|Year : 2017 | Volume
| Issue : 1 | Page : 11-17
Risk factors for ligamentum flavum hypertrophy in lumbar spinal stenosis patients from the Xinjiang Uygur Autonomous Region, China: protocol for a retrospective, single-center study
Gang Zhou, Yu-kun Zhang, Wei-min Huang
Second Department of Spine Surgery, Sixth Affiliated Hospital, Xinjiang Medical University, Urumqi, Xinjiang Uygur Autonomous Region, China
|Date of Web Publication||28-Feb-2017|
Second Department of Spine Surgery, Sixth Affiliated Hospital, Xinjiang Medical University, Urumqi, Xinjiang Uygur Autonomous Region
Source of Support: This study was supported by the Natural Science Foundation of Xinjiang Uygur Autonomous Region of China, No. 2016D01C221., Conflict of Interest: None
Background: Ligamentum flavum hypertrophy is one important cause of spinal stenosis. Ligamentum flavum thickness of more than 4 mm measured on computed tomography (CT) and magnetic resonance imaging is considered hypertrophy, but causes of hypertrophy and distribution characteristics remain poorly understood. Previous studies showed that the ligamentum flavum thickness at the segments L2/3 , L3/4 , L4/5 and L5/S1 was positively correlated with age. It remains unclear whether ligamentum flavum thickness is associated with nationality, sex and obesity.
Methods/Design: We conducted a retrospective, single-center, case analysis at the Sixth Affiliated Hospital, Xinjiang Medical University, China. We collected lumbar CT imaging data of 104 patients diagnosed with lumbar spinal stenosis in the Sixth Affiliated Hospital, Xinjiang Medical University from May 2012 to May 2016. The primary outcome was the ligamentum flavum thickness of patients with different nationalities, sexes, heights, ages, and weights. The secondary outcomes were the morphology of lumbar vertebrae in patients with different nationalities, sexes, heights, ages, and weights; the correlation of nationality, sex, height, age, and weight with ligamentum flavum thickness; results of multiple linear regression analysis of relevant factors for ligamentum flavum hypertrophy.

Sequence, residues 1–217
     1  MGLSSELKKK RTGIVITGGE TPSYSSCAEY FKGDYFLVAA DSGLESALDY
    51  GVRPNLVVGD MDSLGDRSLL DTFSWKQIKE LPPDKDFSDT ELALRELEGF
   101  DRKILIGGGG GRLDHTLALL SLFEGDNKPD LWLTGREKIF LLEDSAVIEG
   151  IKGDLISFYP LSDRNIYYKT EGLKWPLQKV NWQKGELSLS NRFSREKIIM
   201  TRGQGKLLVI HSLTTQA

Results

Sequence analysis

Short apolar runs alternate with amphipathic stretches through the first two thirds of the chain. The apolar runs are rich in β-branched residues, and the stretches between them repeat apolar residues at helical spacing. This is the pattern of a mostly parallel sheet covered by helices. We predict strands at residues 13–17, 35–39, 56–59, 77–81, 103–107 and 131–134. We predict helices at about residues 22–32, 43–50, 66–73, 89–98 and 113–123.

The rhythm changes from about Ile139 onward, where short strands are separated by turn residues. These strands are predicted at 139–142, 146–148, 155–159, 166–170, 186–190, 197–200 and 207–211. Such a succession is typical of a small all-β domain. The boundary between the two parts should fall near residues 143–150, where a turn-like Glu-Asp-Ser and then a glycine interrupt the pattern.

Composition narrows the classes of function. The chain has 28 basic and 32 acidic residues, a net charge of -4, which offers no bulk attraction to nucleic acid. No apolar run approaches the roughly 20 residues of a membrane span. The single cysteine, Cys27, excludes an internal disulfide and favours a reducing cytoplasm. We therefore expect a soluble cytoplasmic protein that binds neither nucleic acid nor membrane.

Discussion: This study will determine the variations in the ligamentum flavum thickness of lumbar spinal stenosis patients of different nationalities, sexes, heights, ages, and weights in the Xinjiang Uygur Autonomous Region by measuring the ligamentum flavum thickness using CT, and analyzing risk factors for ligamentum flavum hypertrophy; the findings will provide quantitative reference data for preventing lumbar spinal stenosis induced by ligamentum flavum hypertrophy in the Xinjiang Uygur Autonomous Region.
Trial registration: ClinicalTrials.gov identifier: NCT03057353.
Ethics: The study protocol has been approved by the Ethics Committee of Sixth Affiliated Hospital, Xinjiang Medical University, China, and conducted in accordance with the Helsinki Declaration, formulated by the World Medical Association.
Informed consent: Written informed consent was obtained from all participants.
Keywords: clinical trials; lumbar spinal stenosis; spine; anatomy; computed tomography; lumbar vertebrae; ligamentum flavum thickness; nationality; sex; height; age; weight
|How to cite this article:|
Zhou G, Zhang Yk, Huang Wm. Risk factors for ligamentum flavum hypertrophy in lumbar spinal stenosis patients from the Xinjiang Uygur Autonomous Region, China: protocol for a retrospective, single-center study. Clin Trials Orthop Disord 2017;2:11-7
|How to cite this URL:|
Zhou G, Zhang Yk, Huang Wm. Risk factors for ligamentum flavum hypertrophy in lumbar spinal stenosis patients from the Xinjiang Uygur Autonomous Region, China: protocol for a retrospective, single-center study. Clin Trials Orthop Disord [serial online] 2017 [cited 2019 Dec 6];2:11-7. Available from: http://www.clinicalto.com/text.asp?2017/2/1/11/201057
| Introduction|| |
History and current related studies